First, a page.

Adapting to Distance Learning

District Relies On Technology to Continue Students Education


Kaleigh Zollman

Still Meeting: Each staff from the journalism department meets once a week via Zoom to discuss their story assignments. They have done this every week since March 23 in order to stay organized and deliver content for their publications.

Along with everything else changing, students and teachers have been forced to adapt to eLearning. One of the main tools schools across the nation are relying on is Zoom Video Communications, a video conferencing app. Teachers are working to make this transition easier using this tool.
“There could be a lot of miscommunication that could happen through just posting something on Google Classroom and hoping students understand,” sophomore Maddy Fauver said. “I think it’s good that we use Zoom because we know for a fact that our teachers are ready to help us if we ever need it. I’m very glad that we have the resources we have and that we are able to use our school computers to keep in touch with our teachers and continue the learning process.”
When the district closed schools, the eLearning plan was put into place. At the high school level, each teacher assigns roughly three assignments for the week on Monday morning, this work is due on Friday.
“We felt getting everything out by Monday morning and due Friday, allowed students to organize their week at their convenience,” assistant principal Mrs. Jami Ewer said. “The tools we chose were easy because most teachers were already using Google Classroom. Every student most likely had at least 1 teacher using it so the transition to get all work that way was easy. Zoom was free and easy to use!”
One of the main challenges presented to teachers is how to deliver their content in a way that will still make sense to students. Teachers are always available to answer emails throughout the day, but it is not the same as face to face communication. While teachers answer emails during school hours, it is still different from face to face communication.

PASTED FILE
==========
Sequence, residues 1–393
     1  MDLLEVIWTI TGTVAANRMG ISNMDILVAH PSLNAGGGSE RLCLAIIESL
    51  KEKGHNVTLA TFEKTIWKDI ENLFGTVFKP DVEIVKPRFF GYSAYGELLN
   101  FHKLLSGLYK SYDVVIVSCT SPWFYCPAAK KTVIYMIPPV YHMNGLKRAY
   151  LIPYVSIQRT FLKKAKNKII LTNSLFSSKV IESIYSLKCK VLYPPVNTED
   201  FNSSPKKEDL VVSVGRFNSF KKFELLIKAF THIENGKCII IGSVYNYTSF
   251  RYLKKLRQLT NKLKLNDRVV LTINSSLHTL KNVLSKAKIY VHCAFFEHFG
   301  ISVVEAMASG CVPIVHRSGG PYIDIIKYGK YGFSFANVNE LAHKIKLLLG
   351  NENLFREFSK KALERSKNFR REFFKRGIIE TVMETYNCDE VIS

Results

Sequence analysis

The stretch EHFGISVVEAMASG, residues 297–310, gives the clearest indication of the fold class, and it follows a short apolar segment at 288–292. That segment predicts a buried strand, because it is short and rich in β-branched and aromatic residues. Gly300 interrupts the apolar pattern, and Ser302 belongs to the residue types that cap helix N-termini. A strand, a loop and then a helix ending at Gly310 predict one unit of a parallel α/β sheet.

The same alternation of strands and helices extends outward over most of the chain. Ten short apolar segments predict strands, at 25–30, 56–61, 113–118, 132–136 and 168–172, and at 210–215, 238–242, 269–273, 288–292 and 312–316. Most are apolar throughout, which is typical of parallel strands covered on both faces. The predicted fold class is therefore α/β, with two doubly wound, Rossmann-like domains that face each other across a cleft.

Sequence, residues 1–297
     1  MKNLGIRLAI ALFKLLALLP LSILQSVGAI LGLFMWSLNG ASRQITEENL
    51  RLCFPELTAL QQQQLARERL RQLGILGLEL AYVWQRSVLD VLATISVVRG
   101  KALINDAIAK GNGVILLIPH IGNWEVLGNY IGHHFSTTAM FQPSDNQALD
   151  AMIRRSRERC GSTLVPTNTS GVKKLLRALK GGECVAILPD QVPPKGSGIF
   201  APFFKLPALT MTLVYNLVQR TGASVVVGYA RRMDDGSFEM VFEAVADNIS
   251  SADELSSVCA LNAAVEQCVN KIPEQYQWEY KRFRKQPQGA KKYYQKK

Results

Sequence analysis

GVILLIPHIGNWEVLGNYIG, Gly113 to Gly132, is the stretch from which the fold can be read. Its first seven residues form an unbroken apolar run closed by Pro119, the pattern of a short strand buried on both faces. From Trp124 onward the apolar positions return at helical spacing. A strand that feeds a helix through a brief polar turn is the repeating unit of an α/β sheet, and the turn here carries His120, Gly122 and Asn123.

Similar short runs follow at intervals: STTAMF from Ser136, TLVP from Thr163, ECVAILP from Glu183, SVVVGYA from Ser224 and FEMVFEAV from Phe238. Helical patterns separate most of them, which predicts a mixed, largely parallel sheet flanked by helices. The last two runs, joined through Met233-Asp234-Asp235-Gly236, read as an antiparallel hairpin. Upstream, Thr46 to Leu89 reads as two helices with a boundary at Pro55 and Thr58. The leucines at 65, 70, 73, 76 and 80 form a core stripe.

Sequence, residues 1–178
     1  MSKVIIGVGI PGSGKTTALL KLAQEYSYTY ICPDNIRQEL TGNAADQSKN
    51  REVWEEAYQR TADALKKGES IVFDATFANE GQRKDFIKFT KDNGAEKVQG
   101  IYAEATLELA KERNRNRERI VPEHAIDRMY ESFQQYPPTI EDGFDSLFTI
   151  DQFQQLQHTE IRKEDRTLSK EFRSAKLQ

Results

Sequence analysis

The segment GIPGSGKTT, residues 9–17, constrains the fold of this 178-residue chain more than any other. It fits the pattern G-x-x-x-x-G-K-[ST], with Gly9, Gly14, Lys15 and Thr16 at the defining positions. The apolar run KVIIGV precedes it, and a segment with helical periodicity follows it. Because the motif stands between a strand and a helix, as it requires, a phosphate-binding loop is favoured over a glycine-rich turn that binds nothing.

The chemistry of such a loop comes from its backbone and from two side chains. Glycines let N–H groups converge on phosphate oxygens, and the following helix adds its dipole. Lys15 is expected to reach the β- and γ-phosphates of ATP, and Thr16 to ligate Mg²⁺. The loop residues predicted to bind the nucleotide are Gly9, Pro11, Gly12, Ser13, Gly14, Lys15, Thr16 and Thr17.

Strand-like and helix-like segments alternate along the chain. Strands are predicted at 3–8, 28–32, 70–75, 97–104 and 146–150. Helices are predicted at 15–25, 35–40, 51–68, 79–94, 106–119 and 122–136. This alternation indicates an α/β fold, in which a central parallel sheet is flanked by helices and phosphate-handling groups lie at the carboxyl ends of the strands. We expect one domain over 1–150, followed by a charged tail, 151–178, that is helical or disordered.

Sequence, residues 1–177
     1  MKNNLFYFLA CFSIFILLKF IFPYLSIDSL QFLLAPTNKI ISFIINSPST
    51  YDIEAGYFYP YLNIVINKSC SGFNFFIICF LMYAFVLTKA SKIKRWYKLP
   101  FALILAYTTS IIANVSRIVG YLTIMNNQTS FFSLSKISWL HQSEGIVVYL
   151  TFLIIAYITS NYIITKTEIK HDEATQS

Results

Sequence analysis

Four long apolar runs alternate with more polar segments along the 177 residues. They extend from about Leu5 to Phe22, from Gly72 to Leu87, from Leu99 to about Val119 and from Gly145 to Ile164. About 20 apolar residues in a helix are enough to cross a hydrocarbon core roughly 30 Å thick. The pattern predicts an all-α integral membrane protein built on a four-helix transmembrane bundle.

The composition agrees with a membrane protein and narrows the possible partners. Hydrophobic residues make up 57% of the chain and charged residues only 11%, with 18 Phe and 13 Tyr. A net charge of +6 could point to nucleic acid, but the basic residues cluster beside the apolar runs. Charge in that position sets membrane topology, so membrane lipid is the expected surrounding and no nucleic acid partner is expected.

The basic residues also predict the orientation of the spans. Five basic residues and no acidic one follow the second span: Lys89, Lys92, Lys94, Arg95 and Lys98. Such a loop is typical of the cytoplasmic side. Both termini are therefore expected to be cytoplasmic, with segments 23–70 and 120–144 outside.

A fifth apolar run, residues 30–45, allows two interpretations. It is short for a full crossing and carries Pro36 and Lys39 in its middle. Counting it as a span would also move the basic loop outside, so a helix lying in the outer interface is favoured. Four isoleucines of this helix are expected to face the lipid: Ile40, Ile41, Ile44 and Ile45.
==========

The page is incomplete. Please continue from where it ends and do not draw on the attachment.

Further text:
“It’s a matter of making sure that kids get the content that they would know in class because we’re just having them watching videos for most of the math courses,” math instructor Ms. Sarah Benzel said.”It’s not like we can gauge whether they get it or not as we can in person until they take a Google Form. When you’re in class you get instant feedback, you can tell whether they get it or not by their face.”
With math being a subject that many students struggle with, Ms. Benzel and other math instructors have come up with a way to help some students. They do this by using a Zoom feature called breakout rooms, which allows students to be broken up into small groups and work together.
“I do co-teach classes with Mr. Kohles and Mrs. Siemers,” Mrs. Benzel said. “During their classes, we will take those kids and then break them up into thirds and then we will individually work with those handfuls of kids and then we’ll come back together. Then they’re able to get more one on one instruction. We’re able to get better feedback like we would in class on what they understand.”
Another class utilizing Zoom are juniors enrolled in Dual Credit World Civilizations, who join a live lecture via Zoom every Tuesday. Between the two instructors, Mr. David Stastny and Mr. Jon Swanson, over 100 students participate in a call. For students who cannot make it, the lecture is recorded and uploaded for them to watch.
“Obviously we’d rather have students in the classroom, but on Zoom, students can still ask questions, they’re still engaged,” Mr. Stastny said.”It’s the next best thing to being in the classroom. I think that everybody in high school and certainly the staff I’m working with, we’re doing everything we can to still give kids an education. Nobody is giving up, we’re just figuring out how to do the best we can with the circumstances. Between the teachers and the students, everyone is stepping up to the plate.”
Similar to the history department, foreign language teachers are offering Zoom sessions to teach their kids the lesson for the week. By doing this, they are able to make sure students are engaged and are comprehending the material.
“I have Mrs. Ryan for Spanish,” Fauver said. “The first week we just talked, and it was good to talk to my teacher again. The second week she went through and read a couple chapters of our Spanish novel. It was super helpful because if there was a word I didn’t know, she was there to translate it for me.”
Students still have work to do in every class each week, but without a teacher to directly manage them, it can be hard. Not only that, but many miss seeing their friends and teachers every day.
“I really like that we have Zoom as an option because part of what stinks about coronavirus is that I don’t have the social aspect of my life, Fauver said. “Seeing my teachers and friends again is really fun for me.”
A majority of students have access to the technology they need via their school-issued laptops and home wifi networks. However, less than 10 students do not have access to the internet, meaning they do their work on paper packets. The packets are offered for pickup and delivery.
“Without technology, I don’t know how school at home would work,” Mrs. Ewer said. “There would have had to have been some kind of pick up and drop off procedure and A LOT of paper being used. But there would be no way to get teacher help if we didn’t have email or zoom. If we didn’t have technology, school would have just stopped I guess.”
Teachers and students are relying on technology to get through this pandemic and continue their education. The transition to distance learning has not been an easy one, but with all of the resources available, it is working.